The Cairo Criminal Court postponed on Saturday the trial of 213 defendants in the case known as “Ansar Beit Al-Maqdis” to 8 August, according to local media.
The defendants are accused of committing 54 crimes, including assaulting police and military personnel and facilities, attempting to assassinate the former Interior Minister Mohamed Ibrahim, and targetting Christians and attacking churches. The defendants are also accused of being affiliated to foreign and extremist organisations, including Hamas and the Muslim Brotherhood, in addition to violating personal rights and freedoms, according to the prosecution.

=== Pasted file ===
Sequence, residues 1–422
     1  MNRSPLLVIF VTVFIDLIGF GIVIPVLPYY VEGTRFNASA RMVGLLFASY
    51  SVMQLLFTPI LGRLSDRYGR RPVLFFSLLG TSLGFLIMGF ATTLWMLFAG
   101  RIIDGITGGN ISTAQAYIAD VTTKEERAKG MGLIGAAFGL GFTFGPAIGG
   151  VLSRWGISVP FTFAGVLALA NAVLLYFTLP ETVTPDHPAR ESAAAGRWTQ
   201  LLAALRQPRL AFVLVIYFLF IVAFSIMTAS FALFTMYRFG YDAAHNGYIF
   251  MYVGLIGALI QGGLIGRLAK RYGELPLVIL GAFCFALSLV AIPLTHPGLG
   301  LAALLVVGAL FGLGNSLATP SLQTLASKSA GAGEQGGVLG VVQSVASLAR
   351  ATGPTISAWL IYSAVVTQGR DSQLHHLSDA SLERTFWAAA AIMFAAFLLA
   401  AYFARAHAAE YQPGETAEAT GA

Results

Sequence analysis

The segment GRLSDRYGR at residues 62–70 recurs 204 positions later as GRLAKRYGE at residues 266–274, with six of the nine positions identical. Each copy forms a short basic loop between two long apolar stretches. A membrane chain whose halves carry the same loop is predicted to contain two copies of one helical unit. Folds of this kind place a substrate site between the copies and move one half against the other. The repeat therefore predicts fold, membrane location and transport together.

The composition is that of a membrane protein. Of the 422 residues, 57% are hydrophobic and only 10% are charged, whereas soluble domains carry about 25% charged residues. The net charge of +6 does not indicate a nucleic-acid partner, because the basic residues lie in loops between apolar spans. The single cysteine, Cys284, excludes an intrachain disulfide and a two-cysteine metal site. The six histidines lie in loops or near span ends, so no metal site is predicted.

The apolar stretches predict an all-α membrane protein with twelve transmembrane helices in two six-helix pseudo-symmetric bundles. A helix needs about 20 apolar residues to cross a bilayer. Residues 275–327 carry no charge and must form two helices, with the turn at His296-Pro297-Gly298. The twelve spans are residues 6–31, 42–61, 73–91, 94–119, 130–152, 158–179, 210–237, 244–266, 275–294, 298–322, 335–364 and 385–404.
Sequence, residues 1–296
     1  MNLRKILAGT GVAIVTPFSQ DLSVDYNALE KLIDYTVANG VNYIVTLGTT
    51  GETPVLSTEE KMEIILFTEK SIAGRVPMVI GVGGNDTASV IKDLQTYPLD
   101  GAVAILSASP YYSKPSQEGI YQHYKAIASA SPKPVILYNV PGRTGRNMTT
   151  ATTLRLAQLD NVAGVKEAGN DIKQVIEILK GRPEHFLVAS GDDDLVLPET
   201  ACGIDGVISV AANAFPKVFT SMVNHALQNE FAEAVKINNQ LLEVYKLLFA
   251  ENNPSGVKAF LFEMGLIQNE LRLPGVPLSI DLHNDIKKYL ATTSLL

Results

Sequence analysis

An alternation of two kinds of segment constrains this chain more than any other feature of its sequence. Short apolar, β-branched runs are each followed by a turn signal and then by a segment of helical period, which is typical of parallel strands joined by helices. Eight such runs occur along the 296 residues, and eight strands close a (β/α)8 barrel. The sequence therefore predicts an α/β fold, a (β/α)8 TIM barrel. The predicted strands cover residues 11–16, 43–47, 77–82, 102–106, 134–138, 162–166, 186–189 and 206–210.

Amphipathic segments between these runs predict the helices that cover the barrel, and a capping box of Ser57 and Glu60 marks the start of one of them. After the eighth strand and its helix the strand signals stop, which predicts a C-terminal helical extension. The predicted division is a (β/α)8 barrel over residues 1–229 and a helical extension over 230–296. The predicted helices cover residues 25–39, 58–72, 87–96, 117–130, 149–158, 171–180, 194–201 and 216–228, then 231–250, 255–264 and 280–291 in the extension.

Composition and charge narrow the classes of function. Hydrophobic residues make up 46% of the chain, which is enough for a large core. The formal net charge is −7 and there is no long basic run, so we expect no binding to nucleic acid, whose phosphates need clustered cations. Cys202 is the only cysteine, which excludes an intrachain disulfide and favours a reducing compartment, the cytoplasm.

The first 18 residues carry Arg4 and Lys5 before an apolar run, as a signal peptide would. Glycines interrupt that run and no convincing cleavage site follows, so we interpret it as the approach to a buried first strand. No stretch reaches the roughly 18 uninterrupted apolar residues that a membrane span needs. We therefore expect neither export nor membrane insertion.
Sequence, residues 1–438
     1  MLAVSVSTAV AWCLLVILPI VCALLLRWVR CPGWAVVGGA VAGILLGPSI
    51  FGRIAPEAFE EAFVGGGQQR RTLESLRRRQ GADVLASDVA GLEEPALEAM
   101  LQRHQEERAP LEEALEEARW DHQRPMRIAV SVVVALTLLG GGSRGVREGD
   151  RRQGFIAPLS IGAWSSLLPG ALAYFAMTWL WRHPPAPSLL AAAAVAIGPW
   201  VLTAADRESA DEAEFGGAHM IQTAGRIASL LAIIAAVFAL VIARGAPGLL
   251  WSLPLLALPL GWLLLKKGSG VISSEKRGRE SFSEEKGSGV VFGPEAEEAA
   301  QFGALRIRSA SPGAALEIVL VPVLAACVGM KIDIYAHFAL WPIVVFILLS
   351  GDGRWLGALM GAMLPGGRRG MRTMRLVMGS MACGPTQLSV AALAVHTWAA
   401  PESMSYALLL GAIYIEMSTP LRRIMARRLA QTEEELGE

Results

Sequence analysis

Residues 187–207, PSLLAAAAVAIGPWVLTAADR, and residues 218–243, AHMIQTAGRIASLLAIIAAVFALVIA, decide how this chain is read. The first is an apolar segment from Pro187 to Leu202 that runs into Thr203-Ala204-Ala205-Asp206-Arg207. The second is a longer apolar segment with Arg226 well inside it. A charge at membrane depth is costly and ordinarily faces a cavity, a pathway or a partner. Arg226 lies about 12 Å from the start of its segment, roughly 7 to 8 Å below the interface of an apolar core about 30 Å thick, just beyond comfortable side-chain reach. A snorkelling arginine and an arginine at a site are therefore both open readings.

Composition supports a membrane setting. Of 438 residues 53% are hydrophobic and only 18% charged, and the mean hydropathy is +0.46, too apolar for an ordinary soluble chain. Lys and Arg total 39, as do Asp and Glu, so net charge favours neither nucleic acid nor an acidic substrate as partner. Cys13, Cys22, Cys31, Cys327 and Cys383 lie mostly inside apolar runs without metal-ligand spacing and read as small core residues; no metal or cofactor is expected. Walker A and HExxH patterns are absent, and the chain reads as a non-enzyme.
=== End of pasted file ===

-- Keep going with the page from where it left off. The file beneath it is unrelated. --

Ansar Beit Al-Maqdis is a militant group based in North Sinai, currently known as Sinai Province, after pledging allegiance in 2014 to the regional radical militant group the Islamic State (IS).
The group has claimed responsibility of several attacks in North Sinai.
In 2015, the Cairo Criminal Court designated the group as a terrorist organisation, following a request from the Prosecutor General.
Militant attacks intensified in Egypt following the ouster of former president Mohamed Morsi in July 2013, an MB group-affiliate.